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Do "Notice" and "warnings" slow a PHP script, with no error reporting?

Discussion in 'PHP' started by JEET, Nov 10, 2019.

  1. #1
    Do "Notice" and "warnings" slow a PHP script, with no error reporting?

    I once did a test for this, and the difference in execution time was negligible.
    I am still curious though.

    If error_reporting is set to zero, and "notice" errors are getting generated, does it matter much?
    SEMrush
    This code for example will generate NOTICE errors:
    
    <?php
    
    $a=array( 'red'=>255, 'green'=>200, 'blue'=>100 );
    echo $a[red].'<br />'; //Notice error
    echo $a['green'].'<br />'; //notice error
    echo $a["blue"].'<br />'; //no error
    ?>
    
    Code (markup):
     
    JEET, Nov 10, 2019 IP
    SEMrush
  2. stephan2307

    stephan2307 Well-Known Member

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    #2
    I would say yes. Notices and Errors point to code that isn't quite working as expected. I always try to have no error_log present. If the error_log file shows up I always tend to fix the issues asap.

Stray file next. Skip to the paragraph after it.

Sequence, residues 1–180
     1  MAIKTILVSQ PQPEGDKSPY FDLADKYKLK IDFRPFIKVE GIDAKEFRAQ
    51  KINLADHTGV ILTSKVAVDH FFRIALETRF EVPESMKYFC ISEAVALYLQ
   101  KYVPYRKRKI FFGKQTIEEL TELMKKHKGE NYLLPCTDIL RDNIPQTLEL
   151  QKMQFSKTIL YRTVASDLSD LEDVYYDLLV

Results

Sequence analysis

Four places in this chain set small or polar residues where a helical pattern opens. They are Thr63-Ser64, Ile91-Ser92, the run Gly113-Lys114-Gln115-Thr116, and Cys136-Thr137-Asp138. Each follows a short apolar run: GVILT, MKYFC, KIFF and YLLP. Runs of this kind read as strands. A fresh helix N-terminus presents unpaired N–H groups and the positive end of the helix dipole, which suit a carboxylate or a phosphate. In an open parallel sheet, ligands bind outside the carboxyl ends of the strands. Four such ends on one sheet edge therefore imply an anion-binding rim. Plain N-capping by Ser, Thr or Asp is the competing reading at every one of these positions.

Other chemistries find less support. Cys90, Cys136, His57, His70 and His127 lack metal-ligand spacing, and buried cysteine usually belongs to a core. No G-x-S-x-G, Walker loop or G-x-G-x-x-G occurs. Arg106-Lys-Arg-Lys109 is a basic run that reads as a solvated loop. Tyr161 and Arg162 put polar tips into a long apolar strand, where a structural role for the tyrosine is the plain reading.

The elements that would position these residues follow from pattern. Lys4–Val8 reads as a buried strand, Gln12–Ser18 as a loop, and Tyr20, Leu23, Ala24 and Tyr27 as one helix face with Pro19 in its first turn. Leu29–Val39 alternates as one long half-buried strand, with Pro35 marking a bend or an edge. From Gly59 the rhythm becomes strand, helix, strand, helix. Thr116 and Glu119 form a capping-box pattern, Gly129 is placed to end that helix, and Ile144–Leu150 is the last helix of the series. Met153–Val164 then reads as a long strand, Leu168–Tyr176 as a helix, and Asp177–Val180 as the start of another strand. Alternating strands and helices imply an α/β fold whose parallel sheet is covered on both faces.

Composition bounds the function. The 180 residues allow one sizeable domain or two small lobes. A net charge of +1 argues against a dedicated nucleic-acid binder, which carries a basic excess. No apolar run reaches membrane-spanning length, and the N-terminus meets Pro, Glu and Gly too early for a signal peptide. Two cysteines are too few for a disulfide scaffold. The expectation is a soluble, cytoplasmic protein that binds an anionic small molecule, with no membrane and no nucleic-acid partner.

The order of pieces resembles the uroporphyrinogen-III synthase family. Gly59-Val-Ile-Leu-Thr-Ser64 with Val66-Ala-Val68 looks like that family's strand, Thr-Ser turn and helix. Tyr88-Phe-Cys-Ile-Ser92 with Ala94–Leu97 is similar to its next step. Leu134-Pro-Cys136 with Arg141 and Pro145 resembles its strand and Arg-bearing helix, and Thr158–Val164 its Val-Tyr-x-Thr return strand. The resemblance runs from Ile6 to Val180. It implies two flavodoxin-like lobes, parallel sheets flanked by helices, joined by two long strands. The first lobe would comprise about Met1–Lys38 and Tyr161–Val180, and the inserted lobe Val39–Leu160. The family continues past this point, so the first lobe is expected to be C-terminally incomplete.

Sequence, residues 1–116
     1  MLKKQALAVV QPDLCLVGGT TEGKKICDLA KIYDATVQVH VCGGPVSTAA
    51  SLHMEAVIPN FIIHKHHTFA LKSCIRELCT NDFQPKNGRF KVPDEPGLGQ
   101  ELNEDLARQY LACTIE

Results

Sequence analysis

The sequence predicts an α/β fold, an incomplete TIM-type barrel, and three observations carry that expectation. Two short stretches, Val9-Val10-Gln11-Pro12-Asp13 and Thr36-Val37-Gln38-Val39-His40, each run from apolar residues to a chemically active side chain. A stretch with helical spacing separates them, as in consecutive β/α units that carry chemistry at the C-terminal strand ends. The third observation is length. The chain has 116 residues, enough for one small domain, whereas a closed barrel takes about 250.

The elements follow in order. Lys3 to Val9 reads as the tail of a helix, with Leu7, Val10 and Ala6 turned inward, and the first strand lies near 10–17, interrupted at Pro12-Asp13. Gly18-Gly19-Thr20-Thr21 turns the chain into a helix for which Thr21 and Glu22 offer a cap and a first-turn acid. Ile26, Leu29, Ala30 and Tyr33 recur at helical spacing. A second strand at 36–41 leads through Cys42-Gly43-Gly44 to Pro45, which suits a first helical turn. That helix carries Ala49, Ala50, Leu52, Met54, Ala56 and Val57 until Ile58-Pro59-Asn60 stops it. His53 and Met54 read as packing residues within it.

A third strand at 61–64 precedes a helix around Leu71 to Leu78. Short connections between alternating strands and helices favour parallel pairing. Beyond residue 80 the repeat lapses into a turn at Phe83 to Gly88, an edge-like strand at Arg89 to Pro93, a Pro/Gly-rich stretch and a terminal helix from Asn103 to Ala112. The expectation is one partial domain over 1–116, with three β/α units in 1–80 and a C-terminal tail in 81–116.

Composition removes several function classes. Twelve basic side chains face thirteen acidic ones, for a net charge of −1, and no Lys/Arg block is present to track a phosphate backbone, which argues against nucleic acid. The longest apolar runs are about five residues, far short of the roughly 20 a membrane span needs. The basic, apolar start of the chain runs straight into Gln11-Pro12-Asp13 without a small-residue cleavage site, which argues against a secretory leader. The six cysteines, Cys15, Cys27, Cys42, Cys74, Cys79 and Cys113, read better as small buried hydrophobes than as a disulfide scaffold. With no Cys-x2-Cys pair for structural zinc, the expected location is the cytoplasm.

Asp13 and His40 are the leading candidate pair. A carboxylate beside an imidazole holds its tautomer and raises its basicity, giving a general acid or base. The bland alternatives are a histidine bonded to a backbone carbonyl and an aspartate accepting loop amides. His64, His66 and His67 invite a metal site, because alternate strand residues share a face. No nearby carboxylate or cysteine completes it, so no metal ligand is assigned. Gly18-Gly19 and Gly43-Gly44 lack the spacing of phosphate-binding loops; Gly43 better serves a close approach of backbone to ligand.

stephan2307, Nov 11, 2019 IP
    sarahk and JEET like this.
  3. JEET

    JEET Notable Member

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    #3
    Let me run a test again, Will post findings. Last time I did, I did with a small script.
     
    JEET, Nov 11, 2019 IP
  4. JEET

    JEET Notable Member

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    #4
    Ran this test.

    Proper code, no errors generated.
    
    <?php
    //error_reporting(0);
    $s=time();
    $a=array( 'red'=>255, 'green'=>126, 'blue'=>50 );
    for($x=0; $x<5000; ++$x){
    echo $a["red"]."\n";
    }
    $e=time();
    echo '<h3>'. ($e-$s).'</h3>';
    ?>
    
    Code (markup):
    Time taken is "0" seconds. ($e-$s)

    Now with error_reporting to zero, and code which will generate notice error

    
    <?php
    error_reporting(0);
    $s=time();
    $a=array( 'red'=>255, 'green'=>126, 'blue'=>50 );
    for($x=0; $x<5000; ++$x){
    echo $a[red]."\n";
    }
    $e=time();